• apprehensions
  • obsessions
  • worries
  • fear of losing control
  • fear of dying
  • dissociative responses
  • shortness of breath
  • increased heart rate
  • chills
  • chest pains or discomfort
  • smothering sensations
  • trembling or shaking
  • nausea or abdominal distresses
  • numbness
  • agoraphobia
  • eating behaviors that are different from friends and family
  • panic about gaining weight
  • body image concerns
  • menstrual periods that do not occur regularly
  • obsessive thoughts about food
  • weight gain or loss
  • uncontrollable binges of eating large amounts of food
  • a habit of vomiting after eating
  • using laxatives / diuretics / diet pills to control weight
  • playing games with food and food rituals
  • focus on controlling food or weight
  • obsessive food and activity tracking
  • feeling guilty about eating food
  • fasting to control weight
  • competition about body size
  • obsessive focus on healthy eating
  • lying about eating

You can contact our office at 817-257-7863 and we can provide names of providers in the community whose offices are near TCU.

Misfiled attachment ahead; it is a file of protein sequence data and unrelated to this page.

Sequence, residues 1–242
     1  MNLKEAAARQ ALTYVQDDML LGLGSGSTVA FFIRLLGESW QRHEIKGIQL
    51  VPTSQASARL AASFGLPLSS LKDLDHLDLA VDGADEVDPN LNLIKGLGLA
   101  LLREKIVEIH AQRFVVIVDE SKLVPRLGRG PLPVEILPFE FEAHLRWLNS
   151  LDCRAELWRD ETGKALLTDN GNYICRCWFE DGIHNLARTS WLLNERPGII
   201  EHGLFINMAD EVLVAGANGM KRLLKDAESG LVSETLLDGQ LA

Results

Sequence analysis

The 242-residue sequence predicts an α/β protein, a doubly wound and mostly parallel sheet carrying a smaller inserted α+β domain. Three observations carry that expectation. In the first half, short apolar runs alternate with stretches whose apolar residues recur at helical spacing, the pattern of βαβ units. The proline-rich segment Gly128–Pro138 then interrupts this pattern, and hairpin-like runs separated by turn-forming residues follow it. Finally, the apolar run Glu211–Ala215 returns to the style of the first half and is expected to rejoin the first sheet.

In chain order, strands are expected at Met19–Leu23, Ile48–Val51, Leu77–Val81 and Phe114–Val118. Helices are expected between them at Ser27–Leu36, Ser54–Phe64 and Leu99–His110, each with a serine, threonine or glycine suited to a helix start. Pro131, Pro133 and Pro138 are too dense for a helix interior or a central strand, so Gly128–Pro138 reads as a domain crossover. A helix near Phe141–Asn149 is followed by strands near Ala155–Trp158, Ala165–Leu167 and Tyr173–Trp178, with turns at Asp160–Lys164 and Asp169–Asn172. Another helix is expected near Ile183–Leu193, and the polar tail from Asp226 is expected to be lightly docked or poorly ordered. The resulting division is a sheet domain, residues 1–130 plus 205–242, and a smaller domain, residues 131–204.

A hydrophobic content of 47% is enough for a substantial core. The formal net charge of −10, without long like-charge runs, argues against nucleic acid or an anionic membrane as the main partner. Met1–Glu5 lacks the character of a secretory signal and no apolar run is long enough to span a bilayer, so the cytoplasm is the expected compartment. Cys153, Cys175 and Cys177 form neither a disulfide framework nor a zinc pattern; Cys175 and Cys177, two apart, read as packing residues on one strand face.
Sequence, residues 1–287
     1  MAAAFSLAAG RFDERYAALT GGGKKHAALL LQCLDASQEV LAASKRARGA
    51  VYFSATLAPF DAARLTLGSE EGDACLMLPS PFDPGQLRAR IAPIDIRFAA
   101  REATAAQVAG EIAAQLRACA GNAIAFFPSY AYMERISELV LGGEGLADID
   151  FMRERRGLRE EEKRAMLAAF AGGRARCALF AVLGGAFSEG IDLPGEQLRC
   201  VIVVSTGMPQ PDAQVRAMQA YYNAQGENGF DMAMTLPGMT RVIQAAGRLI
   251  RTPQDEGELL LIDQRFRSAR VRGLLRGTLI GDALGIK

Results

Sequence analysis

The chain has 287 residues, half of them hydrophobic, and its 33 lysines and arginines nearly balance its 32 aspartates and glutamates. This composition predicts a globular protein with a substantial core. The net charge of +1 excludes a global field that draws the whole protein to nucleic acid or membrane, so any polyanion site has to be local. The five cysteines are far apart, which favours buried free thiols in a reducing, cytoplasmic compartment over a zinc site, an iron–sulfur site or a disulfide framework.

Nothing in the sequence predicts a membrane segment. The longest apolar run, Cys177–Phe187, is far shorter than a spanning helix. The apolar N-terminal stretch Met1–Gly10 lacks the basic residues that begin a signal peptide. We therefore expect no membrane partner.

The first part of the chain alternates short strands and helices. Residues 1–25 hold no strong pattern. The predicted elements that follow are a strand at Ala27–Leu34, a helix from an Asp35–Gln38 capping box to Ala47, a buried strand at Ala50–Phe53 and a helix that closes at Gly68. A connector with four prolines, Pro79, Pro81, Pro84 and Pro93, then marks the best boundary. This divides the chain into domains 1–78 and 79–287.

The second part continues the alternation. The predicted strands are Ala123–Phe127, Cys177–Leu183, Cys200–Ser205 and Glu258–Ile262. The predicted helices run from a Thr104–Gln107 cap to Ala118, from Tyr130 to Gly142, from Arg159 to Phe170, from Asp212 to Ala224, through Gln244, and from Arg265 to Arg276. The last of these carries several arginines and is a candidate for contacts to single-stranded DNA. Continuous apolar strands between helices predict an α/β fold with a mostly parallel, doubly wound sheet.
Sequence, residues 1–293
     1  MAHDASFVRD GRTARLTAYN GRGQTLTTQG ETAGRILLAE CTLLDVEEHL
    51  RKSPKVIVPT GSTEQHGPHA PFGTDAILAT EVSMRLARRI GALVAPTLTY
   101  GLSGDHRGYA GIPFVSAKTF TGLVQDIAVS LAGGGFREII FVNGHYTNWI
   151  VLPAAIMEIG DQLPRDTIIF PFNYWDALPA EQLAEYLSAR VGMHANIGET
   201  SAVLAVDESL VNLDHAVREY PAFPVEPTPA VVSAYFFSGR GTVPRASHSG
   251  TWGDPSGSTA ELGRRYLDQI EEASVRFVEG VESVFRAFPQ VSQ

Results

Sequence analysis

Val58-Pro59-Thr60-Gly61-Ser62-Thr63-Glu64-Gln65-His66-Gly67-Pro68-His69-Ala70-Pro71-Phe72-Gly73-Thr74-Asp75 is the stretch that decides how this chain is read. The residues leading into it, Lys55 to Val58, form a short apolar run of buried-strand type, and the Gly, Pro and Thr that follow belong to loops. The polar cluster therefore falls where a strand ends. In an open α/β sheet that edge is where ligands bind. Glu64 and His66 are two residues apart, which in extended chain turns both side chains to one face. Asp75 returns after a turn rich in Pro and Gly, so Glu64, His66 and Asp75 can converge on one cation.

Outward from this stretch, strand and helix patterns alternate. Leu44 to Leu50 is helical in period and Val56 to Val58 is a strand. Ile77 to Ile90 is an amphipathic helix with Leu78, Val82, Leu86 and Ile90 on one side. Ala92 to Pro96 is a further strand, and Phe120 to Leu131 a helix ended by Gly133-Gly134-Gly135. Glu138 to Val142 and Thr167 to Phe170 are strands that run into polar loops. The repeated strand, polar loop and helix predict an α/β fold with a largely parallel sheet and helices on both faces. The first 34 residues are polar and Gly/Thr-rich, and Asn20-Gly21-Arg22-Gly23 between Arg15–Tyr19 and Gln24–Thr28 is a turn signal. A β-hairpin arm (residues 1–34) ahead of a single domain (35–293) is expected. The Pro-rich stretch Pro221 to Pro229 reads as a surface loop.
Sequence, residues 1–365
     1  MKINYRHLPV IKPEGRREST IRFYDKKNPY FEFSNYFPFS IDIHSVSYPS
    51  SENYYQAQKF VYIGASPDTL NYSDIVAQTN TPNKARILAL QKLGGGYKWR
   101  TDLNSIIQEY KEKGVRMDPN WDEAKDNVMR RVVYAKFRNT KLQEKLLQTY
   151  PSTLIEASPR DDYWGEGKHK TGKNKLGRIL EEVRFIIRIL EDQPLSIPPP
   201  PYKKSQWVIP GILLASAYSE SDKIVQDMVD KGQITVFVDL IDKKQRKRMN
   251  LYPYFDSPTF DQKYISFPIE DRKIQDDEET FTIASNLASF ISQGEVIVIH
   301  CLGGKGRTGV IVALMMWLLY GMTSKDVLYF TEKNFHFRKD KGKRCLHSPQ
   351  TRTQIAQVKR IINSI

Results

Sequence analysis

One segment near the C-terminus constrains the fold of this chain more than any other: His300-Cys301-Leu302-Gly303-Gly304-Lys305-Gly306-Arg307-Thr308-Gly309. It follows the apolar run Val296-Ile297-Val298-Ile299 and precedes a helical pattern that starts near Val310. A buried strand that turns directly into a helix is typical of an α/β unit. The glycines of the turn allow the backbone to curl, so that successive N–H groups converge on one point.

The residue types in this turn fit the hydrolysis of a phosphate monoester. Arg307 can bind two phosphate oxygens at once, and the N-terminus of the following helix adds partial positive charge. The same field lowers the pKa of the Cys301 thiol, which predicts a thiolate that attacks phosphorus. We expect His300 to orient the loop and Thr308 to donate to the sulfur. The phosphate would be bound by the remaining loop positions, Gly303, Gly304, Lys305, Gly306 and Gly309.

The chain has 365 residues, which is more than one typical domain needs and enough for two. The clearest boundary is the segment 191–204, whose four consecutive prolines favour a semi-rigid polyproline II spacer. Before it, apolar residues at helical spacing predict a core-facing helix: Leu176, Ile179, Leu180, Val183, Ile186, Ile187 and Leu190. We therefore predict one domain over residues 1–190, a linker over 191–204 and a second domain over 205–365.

Grief is a normal reaction to loss. Grieving individuals usually undergo a process that may have some common stages or characteristics; however, people vary in their expression of grief and its duration. They may feel disbelief, anger, hopelessness, sadness, and/or guilt at various times while grieving. Sometimes individuals who are grieving will experience symptoms similar to those of depression such as sadness, crying spells, poor appetite and difficulty sleeping.

Common Reactions to Grief 

Emotional & Psychological Reactions:

  • Shock, numbness, and detachment
  • Denial
  • Apathy
  • Anger, moodiness, frustration, or irritability
  • Anxiety, fear, or worry
  • Guilt or blame
  • Sadness, helplessness, or hopelessness
  • Easily discouraged
  • Re-experience of the illness or events around the death

Cognitive Reactions

  • Difficulty concentrating or getting work done
  • Confusion, distraction, slower thoughts than usual
  • Difficulty making decisions
  • Dulled senses
  • Forgetfulness
  • Negative self-talk, overly critical
  • Preoccupation with the life of the person who died

Behavioral Reactions

  • Restlessness, agitation, increased activity
  • Emotional outbursts or lashing out at others
  • Withdrawal or social isolation
  • Avoidance
  • Loss of interest in activities
  • Caretaking
  • Nagging
  • Increased use of alcohol or drugs
  • Strong need to talk about the loss

Physical Reactions

  • Headaches or dizziness
  • Nausea or upset stomach
  • Fatigue, exhaustion, or feeling slowed down
  • Changes in appetite